"Her upbringing disposed her to the roles of wife, mother, and mistress of her husband's plantation, but Martha Washington was seized by history. During the winter pauses in the Revolutionary War...she joined General Washington at military encampments. Though they were not her natural milieu ('I shudder every time I hear the sound of a gun,' she admitted), Mrs. Washington quickly adapted.
A heroine to her husband's soldiers, she was cheered on her arrival each year. During the rigors at Valley Forge...she organized a sewing circle to make shirts and socks, and to patch clothing for poorly dressed soldiers. She delivered many items herself, basket in hand. Lady Washington, as she was called, offered consolation to cold, hungry, and sick enlisted men...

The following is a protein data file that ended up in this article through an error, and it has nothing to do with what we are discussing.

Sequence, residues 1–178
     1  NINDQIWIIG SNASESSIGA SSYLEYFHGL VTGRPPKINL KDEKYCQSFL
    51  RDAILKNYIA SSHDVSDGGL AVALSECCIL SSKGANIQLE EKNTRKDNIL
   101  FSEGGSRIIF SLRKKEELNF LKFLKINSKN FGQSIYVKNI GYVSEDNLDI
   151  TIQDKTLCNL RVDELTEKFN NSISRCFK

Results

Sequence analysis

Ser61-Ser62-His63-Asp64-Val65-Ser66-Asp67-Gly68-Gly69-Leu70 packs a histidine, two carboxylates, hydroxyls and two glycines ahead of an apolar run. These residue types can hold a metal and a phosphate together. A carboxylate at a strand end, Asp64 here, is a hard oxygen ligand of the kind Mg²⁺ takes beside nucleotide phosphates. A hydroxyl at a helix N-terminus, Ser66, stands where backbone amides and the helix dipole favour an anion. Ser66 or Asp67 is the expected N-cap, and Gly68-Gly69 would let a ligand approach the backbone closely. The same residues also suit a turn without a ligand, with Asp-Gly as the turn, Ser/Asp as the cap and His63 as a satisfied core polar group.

Later, during her husband's presidency..., circumstances once again drew Martha Washington away from the comforts of Mount Vernon She hated New York and later had to adapt to Philadelphia. But she maintained an equanimity that impressed even Abigail Adams, a woman whose letters reveal her reliable good sense and sharp perceptions. Abigail liked Martha immediately when the wives of the new president and vice president joined forces in New York. 'She received me with great ease and politeness. She is plain in her dress, but that plainness is the best of every article...Her manners are modest and unassuming, dignified and feminine, not the tincture of hauteur about her,' wrote Abigail Adams.
Martha Washington became the very model for America's First Lady and not only because she did it first. Her contemporaries recognized in her a charisma that blended duty, kindness, gentility, and hope."
--Hugh Howard, Houses of the Founding Fathers